But there is a catch to becoming a thinking athlete. The best performances usually come when you’re thinking of nothing at all, in a space known as the flow state. “It’s a rare, highly elusive, highly coveted state, where there is no difference between what a person is doing, and what a person is thinking,” Moran says. “The flow state is when everything comes together.”
Amateurs can have a lot of trouble reaching this state. “People who are starting to play on the first tee in golf are always very aware of who’s watching, and start to swing faster and faster,” says Moran. But the faster they swing, the poorer their game.
Pro golfers have figured out how to handle this. Occasionally, Moran says, you will see a golfer talking with their caddy before a shot. “Golfers talk to their caddies not to get advice, but to distract themselves from thinking.” He’s even seen golfers sing to themselves to stop themselves from over-analyzing. Preventing conscious thought keeps them primed to perform the motions they’ve learned to do perfectly and automatically. And it’s this ability that sets them apart from everyone else.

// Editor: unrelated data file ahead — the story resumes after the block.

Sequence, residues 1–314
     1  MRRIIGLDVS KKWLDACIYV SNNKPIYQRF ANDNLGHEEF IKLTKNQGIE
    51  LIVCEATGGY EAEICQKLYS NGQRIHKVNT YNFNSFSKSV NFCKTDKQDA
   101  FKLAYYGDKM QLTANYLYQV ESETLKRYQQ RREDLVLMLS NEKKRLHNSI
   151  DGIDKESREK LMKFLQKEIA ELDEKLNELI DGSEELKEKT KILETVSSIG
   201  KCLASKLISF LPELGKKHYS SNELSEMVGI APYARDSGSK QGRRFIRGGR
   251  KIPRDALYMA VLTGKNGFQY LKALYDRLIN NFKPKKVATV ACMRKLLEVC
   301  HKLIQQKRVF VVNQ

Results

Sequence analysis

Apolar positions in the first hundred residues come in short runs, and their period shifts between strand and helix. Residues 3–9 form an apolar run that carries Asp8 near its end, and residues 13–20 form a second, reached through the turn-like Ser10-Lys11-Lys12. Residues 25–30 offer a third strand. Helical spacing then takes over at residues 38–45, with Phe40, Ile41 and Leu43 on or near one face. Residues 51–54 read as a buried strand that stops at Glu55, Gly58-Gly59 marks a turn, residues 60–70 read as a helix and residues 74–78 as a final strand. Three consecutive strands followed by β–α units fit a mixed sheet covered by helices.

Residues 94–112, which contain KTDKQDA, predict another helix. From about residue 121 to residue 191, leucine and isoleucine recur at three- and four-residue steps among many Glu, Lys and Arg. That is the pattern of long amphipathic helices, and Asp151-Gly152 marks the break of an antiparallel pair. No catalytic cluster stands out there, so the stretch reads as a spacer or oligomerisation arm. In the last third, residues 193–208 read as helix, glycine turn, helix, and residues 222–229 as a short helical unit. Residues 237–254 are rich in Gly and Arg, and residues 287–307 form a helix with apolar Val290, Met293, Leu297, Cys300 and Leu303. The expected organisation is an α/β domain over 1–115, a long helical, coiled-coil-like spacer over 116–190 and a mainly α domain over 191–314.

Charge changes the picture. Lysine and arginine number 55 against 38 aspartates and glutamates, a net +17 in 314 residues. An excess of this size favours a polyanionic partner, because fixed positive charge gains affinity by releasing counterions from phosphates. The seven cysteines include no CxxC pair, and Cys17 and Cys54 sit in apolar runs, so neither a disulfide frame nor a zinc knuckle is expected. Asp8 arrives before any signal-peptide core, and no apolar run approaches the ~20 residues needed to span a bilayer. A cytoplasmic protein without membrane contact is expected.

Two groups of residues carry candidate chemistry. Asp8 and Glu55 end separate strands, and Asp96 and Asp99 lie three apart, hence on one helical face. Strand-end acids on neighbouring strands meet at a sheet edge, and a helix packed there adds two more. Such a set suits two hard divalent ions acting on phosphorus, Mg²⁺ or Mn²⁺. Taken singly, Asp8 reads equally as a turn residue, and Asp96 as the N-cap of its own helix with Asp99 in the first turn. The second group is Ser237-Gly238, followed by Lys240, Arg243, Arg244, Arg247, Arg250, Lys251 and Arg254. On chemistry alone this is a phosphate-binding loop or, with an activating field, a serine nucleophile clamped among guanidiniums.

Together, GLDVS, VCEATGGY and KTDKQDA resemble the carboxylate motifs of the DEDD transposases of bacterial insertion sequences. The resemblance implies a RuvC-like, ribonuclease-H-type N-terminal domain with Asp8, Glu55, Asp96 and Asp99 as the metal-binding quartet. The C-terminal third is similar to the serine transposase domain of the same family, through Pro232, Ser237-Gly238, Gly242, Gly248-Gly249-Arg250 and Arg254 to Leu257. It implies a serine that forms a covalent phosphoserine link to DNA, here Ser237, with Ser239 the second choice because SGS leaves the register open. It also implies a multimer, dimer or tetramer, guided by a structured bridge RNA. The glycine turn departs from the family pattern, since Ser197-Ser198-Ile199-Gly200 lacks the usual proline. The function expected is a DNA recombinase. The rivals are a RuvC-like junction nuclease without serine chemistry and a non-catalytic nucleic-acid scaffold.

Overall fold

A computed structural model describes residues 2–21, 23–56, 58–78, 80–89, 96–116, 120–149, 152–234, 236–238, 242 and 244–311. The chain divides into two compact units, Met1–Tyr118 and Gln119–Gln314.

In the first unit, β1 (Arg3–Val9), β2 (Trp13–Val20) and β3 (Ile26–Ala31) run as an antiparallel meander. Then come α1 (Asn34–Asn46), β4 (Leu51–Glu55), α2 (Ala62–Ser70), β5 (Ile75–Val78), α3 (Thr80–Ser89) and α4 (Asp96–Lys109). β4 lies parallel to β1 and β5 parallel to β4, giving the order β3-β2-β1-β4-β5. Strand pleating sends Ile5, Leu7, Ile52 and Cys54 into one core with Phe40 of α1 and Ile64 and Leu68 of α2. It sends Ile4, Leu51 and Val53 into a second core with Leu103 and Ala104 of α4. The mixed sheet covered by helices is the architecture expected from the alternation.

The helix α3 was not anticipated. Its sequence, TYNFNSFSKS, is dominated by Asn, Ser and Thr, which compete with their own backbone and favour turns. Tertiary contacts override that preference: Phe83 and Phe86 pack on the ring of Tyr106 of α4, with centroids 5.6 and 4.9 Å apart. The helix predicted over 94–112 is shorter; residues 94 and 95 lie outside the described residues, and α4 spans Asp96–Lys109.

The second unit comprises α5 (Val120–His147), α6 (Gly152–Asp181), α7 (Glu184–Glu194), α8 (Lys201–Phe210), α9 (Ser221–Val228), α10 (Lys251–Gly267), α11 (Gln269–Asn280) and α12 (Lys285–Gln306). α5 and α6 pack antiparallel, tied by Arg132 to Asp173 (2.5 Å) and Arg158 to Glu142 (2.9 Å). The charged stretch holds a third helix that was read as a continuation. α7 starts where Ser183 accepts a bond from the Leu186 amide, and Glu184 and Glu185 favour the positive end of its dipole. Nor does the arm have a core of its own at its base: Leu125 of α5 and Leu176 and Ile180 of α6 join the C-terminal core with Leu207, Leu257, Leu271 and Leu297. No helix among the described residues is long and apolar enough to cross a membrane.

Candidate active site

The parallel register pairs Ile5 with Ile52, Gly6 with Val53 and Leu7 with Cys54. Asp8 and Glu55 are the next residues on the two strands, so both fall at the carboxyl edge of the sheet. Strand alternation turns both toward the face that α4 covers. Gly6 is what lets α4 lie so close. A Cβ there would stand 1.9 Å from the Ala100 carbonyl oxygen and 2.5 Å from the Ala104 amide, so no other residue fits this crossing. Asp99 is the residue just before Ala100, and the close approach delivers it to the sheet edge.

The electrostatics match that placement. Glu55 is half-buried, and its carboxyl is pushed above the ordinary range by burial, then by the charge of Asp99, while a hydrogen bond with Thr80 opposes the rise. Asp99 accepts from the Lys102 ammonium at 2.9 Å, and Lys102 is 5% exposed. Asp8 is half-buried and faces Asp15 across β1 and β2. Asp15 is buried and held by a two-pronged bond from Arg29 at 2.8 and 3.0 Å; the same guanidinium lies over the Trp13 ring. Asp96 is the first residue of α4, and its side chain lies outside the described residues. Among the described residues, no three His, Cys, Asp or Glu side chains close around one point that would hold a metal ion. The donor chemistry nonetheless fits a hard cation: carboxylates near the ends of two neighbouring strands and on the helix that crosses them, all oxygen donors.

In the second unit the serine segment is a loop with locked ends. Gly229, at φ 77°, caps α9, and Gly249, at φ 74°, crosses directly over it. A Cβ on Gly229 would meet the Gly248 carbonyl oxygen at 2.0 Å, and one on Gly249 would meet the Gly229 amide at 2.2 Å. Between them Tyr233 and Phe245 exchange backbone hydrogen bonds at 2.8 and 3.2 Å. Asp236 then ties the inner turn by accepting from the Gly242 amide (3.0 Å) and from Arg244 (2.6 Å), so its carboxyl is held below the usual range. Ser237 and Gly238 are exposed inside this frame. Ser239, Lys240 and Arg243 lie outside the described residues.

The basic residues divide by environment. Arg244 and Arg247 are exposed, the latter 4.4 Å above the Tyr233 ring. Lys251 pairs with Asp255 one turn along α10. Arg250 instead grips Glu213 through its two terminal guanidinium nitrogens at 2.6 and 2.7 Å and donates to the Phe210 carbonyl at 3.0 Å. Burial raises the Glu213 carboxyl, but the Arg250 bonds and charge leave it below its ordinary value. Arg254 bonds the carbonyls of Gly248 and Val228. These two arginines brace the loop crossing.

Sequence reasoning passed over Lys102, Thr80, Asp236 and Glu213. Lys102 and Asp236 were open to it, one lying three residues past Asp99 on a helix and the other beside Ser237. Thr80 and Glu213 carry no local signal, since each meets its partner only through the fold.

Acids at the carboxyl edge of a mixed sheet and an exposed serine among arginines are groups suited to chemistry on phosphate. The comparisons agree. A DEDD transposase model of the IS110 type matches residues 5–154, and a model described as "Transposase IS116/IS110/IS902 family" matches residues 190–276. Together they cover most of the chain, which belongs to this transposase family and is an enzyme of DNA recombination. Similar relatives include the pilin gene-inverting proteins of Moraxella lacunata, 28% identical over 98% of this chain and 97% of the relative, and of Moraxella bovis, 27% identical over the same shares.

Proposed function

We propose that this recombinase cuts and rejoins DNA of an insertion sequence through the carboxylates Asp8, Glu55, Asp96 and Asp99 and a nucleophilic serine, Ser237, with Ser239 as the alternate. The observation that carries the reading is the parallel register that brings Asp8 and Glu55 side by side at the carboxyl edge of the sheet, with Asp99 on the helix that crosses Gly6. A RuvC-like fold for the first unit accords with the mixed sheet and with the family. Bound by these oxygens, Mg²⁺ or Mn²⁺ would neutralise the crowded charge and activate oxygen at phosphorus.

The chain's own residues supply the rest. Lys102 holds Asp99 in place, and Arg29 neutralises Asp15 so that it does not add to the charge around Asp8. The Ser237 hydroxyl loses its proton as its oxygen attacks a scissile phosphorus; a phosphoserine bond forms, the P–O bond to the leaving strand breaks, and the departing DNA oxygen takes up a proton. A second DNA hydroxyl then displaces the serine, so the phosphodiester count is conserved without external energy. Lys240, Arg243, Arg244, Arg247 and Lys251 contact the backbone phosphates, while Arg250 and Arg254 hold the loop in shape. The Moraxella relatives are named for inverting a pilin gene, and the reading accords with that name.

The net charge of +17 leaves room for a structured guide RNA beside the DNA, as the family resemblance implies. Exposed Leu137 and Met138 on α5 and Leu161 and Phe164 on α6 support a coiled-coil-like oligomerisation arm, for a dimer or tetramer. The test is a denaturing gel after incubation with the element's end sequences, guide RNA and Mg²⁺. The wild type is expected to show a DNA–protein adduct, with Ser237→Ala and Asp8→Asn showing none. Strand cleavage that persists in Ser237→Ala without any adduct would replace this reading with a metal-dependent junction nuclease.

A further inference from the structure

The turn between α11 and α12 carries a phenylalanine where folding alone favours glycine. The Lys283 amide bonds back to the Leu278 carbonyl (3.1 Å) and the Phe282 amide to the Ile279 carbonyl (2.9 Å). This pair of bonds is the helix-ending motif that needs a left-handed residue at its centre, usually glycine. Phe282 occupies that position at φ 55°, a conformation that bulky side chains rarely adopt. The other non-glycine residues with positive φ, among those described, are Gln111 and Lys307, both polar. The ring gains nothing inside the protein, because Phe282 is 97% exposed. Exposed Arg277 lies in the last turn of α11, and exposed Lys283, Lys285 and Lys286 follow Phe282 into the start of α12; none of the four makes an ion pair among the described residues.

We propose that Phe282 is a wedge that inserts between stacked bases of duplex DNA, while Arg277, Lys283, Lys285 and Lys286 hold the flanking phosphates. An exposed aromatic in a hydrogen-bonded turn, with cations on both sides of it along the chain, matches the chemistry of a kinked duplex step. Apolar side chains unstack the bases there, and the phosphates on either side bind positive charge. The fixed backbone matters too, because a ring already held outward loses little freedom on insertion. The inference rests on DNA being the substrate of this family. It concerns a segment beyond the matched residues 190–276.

“Most high-level athletes, whether amateur or professional, have a higher level of mental skills and a better ability to use them consistently under pressure,” Durand-Bush says. Learning to let go, and just play the game is a skill like any other in the pro-athlete’s repertoire.
“There is a Zen paradox that in order to gain control, you have to give up control,” Moran says. “Typically in music and in sport, when flow states occur, peak performance tends to follow.”